Whenever I hear someone talk about finding his or her unique selling point, the hair on the back of my neck stands on end. If you are in complex B2B selling, you should not waste your time looking for a unique selling point.
Instead, you need to know your value proposition, which includes all the unique things you do.
As you build your approach to a particular potential buyer, you will use the unique thing you do that appeals to that particular buyer to build your value proposition. For another buyer, a different unique offering may be more suitable; you would then build your value proposition for this new buyer with a different unique offering.
What Is a Unique Selling Point?
According to MarketingProfs, a unique selling point, or USP if you prefer, is the core proposition that differentiates your product from those of your competitor.
While essentially correct, it only works that way for simple sales. Complex B2B selling is not about finding your unique selling point. It’s about building your value propositions for the variety of potential customers you hope to attract and sell to.
How Do You Find Your Value Proposition?
As we have said before, your differentiation is based on what the customer should want and what you are uniquely qualified to do, which is not a single selling point but a group of things you do that adds value.
The reason you base it on what customers should want is that often customers don’t really know what they want or understand what they need. They just want it to be cheaper than the others on the market.
Actually, customers probably do have some idea of what they want; they just don’t know what’s possible. They picture a familiar solution that just does it better. As Henry Ford said, “If I had asked people what they wanted, they would have said faster horses.”
It’s up to you to show your target audience innovative methods of solving their problems that they haven’t considered. Doing so puts you in the position of offering a value proposition sharpened by your thought leadership and understanding of the customer.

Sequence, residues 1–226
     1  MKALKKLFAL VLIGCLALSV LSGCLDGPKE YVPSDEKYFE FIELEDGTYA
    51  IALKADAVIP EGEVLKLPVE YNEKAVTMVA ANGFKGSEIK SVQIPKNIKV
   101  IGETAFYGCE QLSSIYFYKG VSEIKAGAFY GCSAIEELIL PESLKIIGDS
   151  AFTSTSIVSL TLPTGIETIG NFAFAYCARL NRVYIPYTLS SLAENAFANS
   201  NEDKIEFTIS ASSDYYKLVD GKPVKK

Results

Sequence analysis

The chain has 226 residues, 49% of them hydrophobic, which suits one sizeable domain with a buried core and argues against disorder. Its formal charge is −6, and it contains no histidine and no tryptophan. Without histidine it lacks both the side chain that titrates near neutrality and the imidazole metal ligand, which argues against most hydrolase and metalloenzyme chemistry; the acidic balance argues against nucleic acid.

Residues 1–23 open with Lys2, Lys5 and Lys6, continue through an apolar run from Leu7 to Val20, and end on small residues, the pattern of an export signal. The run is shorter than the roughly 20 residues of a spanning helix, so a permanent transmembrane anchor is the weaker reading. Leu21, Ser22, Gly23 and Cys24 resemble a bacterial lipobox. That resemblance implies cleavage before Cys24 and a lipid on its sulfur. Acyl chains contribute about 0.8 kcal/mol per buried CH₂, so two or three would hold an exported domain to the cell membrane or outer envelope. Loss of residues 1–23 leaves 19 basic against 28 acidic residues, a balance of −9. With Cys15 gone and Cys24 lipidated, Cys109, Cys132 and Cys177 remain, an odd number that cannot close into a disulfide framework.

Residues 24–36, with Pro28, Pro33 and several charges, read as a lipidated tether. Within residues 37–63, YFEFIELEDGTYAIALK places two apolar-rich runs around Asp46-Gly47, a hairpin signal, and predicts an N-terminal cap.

If you had a unique selling point, you would probably see your competitors trying to copy what you’re doing. That’s more difficult for them to do with value propositions.
Your competitors will not have anything specific upon which to base their “knock-off” because you are adding value that is specific to each buyer but that differs between buyers. It’s hard to copy an intelligently moving target.
The competition may be able to offer a very similar product or service but won’t be able to duplicate the value you add.
Develop an informed perspective on your target customer’s underlying needs. What business problems are they wrestling with? How much would they pay to solve them?
An objective view of the customer’s needs shields you from the temptation to be a copycat yourself. Instead of coming from behind, you can set the pace and remain ahead of the pack. Segment first, develop your value proposition, and leave branding until last.
Your highly targeted value proposition is your ticket to differentiating your company from the rest of the wannabes. Instead of becoming a copycat, aspire to be the company others try, but fail, to duplicate.
Stay ahead of the game and achieve true business growth by providing top of the line solutions that you have tailored to your customers and watch while the others lose traction with a single “unique selling point” and no value.